Centre for Public, International and Comparative Law

The Centre for Public, International and Comparative Law (CPICL) brings together a large group of faculty members and doctoral students who are actively engaged in research and teaching in the following areas:

Public law

  • constitutional law
  • administrative law
  • domestic human rights law
  • law of institutions, including educational, religious and professional institutions.

International law

  • public international law
  • international human rights law
  • international criminal and humanitarian law
  • the law of international organisations
  • private international law

Comparative law

Analysis and comparison of:

  • law in nations of Asia and the South Pacific
  • legal systems, other than the common law, including civil, chthonic, socialist and Syariah legal systems
  • role of legal institutions in different nations and legal systems
  • legal pluralism
  • inter- and intra-legal pluralism in Australia.

Legal theory

Philosophical, economic, social and historical perspectives on law.


Featured publication

Book coverReligious Freedom in Secular States: a 21st Century Perspective

This book reflects on what constitutes the core values, tenets, cultural, historic, and ideological parameters of secularism in international contexts. In twelve chapters, this edited work examines current tensions in liberal secular states where myriad rights and freedoms compete regarding education, healthcare, end-of-life choices, clothing, sexual orientation, reproduction, and minority interests. It explores the legal complexity of defining a ‘religion’ through judicial decisions and scrutinises Christianity, Hinduism and Islam’s relative success in accommodating religious pluralism.

Part One explores the religious practice and persecution nexus, COVID-19’s effect on religious freedom, religious education, burqas/headscarves, and religious culture in civil law. Part Two explores the constitutional principle of secularism in Member States of the Council of Europe, US Religious Clauses, and religious freedom in South Africa, UK, Australia, and India.

Editors: Md. Jahid Hossain Bhuiyan (External CPICL Fellow) and  Ann Black (CPICL Executive Director (Comparative Law). Both are members of CPICL’s Legal Pluralism Program.

More publications from CPICL members

Featured scholar

Dr Mark Deng in the UQ law libraryRebecca Barber

Rebecca Barber is a PhD candidate with the School of Law and a Senior Research Fellow at the Asia Pacific Centre for the Responsibility to Protect, University of Queensland. Her PhD thesis (currently under examination) focused on the legal powers of the UN General Assembly to prevent and respond to atrocity crimes. In 2021 she authored a guidance document for States on that topic. She is currently working on the development of a framework for the implementation of the Responsibility to Protect.

Rebecca’s research encompasses UN Charter law, international peace and security law, international organisations, state responsibility, international human rights and humanitarian law, and the responsibility to protect. Her research has been published in leading international law journals including the International and Comparative Law Quarterly, the International Review of the Red Cross, the Journal of International Peacekeeping, the Journal of Conflict and Security Law and the Journal on the Use of Force in International Law, among others. She also writes frequently for online international law forums including Just Security and EJIL:Talk!. Her blogs for EJIL:Talk! have for the last two years been listed as among the blog’s most widely read.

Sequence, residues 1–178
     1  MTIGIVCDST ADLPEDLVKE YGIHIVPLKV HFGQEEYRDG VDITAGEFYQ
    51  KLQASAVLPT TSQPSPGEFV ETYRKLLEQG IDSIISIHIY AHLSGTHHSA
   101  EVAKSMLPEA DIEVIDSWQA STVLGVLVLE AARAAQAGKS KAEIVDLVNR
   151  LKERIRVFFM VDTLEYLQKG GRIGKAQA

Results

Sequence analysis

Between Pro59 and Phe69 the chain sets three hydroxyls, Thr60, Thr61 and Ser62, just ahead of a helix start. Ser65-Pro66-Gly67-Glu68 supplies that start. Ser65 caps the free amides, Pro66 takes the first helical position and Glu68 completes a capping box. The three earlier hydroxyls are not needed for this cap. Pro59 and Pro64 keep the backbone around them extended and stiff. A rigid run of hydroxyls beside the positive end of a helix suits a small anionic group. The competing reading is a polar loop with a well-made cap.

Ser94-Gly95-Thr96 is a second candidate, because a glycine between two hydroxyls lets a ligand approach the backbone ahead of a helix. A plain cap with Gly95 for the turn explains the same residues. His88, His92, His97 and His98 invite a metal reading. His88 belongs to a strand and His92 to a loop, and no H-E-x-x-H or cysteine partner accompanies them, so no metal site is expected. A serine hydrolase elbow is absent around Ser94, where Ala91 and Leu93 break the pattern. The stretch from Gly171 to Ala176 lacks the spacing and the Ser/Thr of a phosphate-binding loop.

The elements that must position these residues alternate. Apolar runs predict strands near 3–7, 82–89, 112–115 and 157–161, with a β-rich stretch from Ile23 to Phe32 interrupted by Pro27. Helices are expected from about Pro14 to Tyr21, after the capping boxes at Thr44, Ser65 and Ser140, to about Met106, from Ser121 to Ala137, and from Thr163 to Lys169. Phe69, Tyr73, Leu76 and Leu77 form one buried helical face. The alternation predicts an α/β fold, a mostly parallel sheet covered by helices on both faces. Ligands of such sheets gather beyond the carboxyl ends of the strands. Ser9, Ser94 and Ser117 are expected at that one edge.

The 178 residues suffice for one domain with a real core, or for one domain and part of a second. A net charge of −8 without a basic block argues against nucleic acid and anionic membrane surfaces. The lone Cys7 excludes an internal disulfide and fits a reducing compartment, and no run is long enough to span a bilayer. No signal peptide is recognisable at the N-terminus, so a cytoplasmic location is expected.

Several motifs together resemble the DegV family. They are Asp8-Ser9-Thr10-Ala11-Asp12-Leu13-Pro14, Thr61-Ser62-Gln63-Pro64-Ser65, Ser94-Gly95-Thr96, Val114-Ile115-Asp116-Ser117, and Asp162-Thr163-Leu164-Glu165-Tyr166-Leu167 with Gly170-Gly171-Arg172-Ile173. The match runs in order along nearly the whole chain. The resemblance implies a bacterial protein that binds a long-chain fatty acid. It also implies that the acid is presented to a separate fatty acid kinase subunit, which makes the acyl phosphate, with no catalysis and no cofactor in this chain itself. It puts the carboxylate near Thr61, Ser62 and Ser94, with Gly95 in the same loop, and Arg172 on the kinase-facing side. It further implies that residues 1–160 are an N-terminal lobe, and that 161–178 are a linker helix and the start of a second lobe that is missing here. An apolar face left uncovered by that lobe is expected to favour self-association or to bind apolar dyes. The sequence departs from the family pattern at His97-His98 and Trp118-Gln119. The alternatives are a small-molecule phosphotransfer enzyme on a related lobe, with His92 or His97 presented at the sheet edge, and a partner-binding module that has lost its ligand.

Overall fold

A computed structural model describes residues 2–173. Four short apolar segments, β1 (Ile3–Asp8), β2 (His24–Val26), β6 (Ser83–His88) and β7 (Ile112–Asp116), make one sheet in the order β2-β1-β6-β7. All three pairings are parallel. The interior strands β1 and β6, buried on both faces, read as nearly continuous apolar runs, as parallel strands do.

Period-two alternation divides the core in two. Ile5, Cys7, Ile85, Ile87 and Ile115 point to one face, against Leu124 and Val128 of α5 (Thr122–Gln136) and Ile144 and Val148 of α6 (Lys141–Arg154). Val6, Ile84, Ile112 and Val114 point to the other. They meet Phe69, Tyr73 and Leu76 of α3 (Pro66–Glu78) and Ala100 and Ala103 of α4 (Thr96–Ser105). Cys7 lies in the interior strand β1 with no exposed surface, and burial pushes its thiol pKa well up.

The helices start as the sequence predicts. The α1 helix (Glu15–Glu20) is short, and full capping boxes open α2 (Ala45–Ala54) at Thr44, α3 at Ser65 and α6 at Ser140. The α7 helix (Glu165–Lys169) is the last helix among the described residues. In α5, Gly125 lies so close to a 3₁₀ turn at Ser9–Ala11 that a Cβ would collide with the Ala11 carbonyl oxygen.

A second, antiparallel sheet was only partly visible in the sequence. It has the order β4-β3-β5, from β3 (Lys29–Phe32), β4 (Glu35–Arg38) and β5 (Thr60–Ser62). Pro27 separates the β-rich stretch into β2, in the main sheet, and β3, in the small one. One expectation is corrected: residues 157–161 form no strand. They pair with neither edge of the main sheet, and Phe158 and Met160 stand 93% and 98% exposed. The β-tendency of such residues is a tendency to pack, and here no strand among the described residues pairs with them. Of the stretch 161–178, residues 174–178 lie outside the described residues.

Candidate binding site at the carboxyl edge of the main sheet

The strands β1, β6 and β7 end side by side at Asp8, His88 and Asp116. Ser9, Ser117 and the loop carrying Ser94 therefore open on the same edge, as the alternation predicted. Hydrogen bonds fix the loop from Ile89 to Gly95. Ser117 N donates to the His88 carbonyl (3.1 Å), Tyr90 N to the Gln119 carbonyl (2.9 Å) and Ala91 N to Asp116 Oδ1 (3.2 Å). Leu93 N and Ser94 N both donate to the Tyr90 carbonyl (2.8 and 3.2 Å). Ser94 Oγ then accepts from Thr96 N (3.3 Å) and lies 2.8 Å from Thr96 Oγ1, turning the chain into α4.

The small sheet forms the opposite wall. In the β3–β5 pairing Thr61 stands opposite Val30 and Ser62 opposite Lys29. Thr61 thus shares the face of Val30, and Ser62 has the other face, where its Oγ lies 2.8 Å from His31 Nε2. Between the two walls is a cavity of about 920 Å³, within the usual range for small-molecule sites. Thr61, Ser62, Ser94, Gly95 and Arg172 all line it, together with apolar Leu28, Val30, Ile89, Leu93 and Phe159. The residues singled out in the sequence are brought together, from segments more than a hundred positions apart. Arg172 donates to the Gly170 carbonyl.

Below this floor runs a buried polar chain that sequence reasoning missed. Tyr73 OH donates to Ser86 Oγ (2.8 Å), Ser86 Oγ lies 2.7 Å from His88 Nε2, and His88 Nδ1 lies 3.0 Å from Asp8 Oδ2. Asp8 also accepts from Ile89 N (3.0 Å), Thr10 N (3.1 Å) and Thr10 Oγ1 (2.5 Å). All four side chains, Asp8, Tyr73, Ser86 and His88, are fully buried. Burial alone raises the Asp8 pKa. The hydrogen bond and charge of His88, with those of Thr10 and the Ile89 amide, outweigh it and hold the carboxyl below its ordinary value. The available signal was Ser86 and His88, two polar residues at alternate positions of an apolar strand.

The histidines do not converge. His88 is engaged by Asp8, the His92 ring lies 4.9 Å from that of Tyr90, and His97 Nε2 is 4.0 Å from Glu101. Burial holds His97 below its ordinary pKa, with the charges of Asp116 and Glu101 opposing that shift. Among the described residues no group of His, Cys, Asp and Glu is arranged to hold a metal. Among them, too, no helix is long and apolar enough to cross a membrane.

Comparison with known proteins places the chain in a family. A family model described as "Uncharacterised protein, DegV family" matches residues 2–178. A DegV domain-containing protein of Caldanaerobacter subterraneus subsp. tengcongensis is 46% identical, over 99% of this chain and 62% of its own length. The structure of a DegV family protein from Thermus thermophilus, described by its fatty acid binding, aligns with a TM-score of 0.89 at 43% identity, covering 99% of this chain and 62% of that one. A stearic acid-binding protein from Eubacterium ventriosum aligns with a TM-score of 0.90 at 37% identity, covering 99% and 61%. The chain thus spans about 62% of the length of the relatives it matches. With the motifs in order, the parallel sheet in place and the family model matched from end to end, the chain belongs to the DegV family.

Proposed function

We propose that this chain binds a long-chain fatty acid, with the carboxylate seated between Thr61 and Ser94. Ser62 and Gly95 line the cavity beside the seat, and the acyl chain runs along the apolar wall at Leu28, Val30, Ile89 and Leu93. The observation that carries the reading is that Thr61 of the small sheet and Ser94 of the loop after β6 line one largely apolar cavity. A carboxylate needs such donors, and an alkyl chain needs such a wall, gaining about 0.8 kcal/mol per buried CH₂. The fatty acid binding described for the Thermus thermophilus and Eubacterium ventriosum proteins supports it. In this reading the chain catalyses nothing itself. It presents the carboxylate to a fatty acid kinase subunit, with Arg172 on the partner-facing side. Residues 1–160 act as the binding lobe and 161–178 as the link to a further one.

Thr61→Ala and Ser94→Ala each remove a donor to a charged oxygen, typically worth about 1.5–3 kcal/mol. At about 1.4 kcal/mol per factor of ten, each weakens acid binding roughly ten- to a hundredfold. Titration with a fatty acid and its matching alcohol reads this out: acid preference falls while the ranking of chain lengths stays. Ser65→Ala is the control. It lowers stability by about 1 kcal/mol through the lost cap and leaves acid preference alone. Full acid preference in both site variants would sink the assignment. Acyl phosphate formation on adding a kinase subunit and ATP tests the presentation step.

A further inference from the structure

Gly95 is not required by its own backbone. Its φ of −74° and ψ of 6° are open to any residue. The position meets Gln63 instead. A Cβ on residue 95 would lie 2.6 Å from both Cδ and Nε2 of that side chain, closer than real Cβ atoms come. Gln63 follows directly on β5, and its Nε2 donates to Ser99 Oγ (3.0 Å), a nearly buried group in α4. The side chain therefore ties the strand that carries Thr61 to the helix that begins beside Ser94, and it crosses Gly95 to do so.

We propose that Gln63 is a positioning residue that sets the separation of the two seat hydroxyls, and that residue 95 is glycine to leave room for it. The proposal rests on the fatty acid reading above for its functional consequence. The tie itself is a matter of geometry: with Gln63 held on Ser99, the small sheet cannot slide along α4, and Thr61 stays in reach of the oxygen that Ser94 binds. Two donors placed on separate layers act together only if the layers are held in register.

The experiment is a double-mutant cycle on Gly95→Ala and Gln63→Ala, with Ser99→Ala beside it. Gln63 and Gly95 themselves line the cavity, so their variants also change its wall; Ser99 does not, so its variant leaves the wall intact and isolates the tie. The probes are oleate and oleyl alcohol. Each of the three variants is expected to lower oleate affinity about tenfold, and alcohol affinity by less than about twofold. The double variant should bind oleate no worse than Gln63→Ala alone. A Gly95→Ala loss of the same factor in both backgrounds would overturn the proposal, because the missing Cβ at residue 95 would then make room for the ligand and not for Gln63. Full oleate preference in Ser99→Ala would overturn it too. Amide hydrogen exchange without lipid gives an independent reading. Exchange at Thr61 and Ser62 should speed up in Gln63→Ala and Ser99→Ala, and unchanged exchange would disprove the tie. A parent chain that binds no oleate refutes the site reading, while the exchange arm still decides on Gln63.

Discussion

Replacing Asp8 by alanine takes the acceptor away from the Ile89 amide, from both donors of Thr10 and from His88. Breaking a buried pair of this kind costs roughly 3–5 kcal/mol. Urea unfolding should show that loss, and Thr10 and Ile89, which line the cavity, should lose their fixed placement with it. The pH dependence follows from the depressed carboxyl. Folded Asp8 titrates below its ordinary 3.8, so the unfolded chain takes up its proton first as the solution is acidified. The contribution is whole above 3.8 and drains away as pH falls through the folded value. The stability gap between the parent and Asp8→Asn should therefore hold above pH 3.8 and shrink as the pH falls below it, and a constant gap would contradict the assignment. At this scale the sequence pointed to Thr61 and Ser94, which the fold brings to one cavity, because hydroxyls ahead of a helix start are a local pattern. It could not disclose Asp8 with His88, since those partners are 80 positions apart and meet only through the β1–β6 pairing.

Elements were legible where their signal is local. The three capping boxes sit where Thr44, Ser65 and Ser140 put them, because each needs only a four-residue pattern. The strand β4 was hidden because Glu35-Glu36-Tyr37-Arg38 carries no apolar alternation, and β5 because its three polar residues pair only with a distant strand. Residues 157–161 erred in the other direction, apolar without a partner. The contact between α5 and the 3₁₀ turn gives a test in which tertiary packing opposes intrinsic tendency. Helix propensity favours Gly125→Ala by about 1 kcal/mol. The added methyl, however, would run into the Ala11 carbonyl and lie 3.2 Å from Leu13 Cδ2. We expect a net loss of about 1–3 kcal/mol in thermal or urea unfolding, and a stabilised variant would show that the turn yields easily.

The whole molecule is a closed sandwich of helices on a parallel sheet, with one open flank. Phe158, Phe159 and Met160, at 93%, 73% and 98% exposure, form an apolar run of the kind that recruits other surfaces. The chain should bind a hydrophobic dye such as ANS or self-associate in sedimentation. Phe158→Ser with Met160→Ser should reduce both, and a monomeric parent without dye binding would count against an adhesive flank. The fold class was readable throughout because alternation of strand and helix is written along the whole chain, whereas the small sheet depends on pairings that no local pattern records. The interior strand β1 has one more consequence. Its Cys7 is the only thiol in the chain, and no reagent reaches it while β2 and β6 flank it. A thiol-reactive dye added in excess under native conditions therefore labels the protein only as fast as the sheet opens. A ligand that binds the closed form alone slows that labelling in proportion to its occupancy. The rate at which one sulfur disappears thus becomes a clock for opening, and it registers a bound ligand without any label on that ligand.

Rebecca has received several national and international awards for her research including the International and Comparative Law Quarterly early career prize (2021), an Australian Legal Research Award (2022) and awards for HDR research excellence from the University of Queensland’s Law School (2021) and Faculty of Business, Economics and Law (2022).

Rebecca previously had a career in international humanitarian assistance and advocacy, with assignments in Africa, South and Southeast Asia and the Pacific.

For Rebecca’s publications see her UQ POLSIS page here.

About the Centre

Established in September 2003, the Centre for Public, International and Comparative Law is dedicated to advanced research and seeks collaborative links and scholarly exchanges with other disciplines within the University, and with like–minded research organisations around the world.

Support is provided by the Centre for doctoral research and currently 15 doctoral students work with the supervision of the Fellows of the Centre. Fellows and other Centre members also contribute to the graduate program of the School of Law by the conduct of courses in its research areas. View our management and members.

The Centre disseminates its research through public seminars and conferences and publications. From 2004-2020, the Centre published the LAWASIA Journal in partnership with LAWASIA, The Law Association for Asia and the Pacific and from 2017, the Australian Journal of International Law, edited by Centre Director, Professor Anthony Cassimatis.

CPICL has established links with relevant government and public institutions and offers consultancy services in its areas of expertise.

CPICL is currently running eight research programs:


Whether you're a potential student, a scholar from Australia or overseas, or someone who's active in public, international and comparative law, CPICL welcomes your enquiries about our research areas, seminars and organisation. Please contact our Centre Director.

Professor Anthony CassimatisProfessor Anthony Cassimatis
Centre Director
Centre for Public, International and Comparative Law
Law School
The University of Queensland
Brisbane QLD 4072

+61 7 3365 2446